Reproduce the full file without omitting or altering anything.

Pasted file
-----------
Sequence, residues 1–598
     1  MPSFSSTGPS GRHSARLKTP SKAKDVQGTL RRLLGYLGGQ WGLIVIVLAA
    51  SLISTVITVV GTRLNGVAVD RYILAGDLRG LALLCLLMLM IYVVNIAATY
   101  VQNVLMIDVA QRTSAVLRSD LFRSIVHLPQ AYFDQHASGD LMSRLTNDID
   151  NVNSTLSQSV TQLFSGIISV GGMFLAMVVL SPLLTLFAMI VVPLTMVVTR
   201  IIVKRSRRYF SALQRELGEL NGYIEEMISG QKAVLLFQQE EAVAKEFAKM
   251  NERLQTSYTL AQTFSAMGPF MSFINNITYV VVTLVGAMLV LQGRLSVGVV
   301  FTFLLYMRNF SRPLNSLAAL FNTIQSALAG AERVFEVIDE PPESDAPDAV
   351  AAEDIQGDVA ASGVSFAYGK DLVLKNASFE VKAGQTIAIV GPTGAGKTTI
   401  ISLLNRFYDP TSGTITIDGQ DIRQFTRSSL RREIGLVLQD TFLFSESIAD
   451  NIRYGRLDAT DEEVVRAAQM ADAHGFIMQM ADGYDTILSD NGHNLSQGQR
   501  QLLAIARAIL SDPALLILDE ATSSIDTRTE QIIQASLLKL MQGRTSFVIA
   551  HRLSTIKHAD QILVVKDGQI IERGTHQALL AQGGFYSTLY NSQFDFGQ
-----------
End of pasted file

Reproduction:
Sequence, residues 1–598
     1  MPSFSSTGPS GRHSARLKTP SKAKDVQGTL RRLLGYLGGQ WGLIVIVLAA
    51  SLISTVITVV GTRLNGVAVD RYILAGDLRG LALLCLLMLM IYVVNIAATY
   101  VQNVLMIDVA QRTSAVLRSD LFRSIVHLPQ AYFDQHASGD LMSRLTNDID
   151  NVNSTLSQSV TQLFSGIISV GGMFLAMVVL SPLLTLFAMI VVPLTMVVTR
   201  IIVKRSRRYF SALQRELGEL NGYIEEMISG QKAVLLFQQE EAVAKEFAKM
   251  NERLQTSYTL AQTFSAMGPF MSFINNITYV VVTLVGAMLV LQGRLSVGVV
   301  FTFLLYMRNF SRPLNSLAAL FNTIQSALAG AERVFEVIDE PPESDAPDAV
   351  AAEDIQGDVA ASGVSFAYGK DLVLKNASFE VKAGQTIAIV GPTGAGKTTI
   401  ISLLNRFYDP TSGTITIDGQ DIRQFTRSSL RREIGLVLQD TFLFSESIAD
   451  NIRYGRLDAT DEEVVRAAQM ADAHGFIMQM ADGYDTILSD NGHNLSQGQR
   501  QLLAIARAIL SDPALLILDE ATSSIDTRTE QIIQASLLKL MQGRTSFVIA
   551  HRLSTIKHAD QILVVKDGQI IERGTHQALL AQGGFYSTLY NSQFDFGQ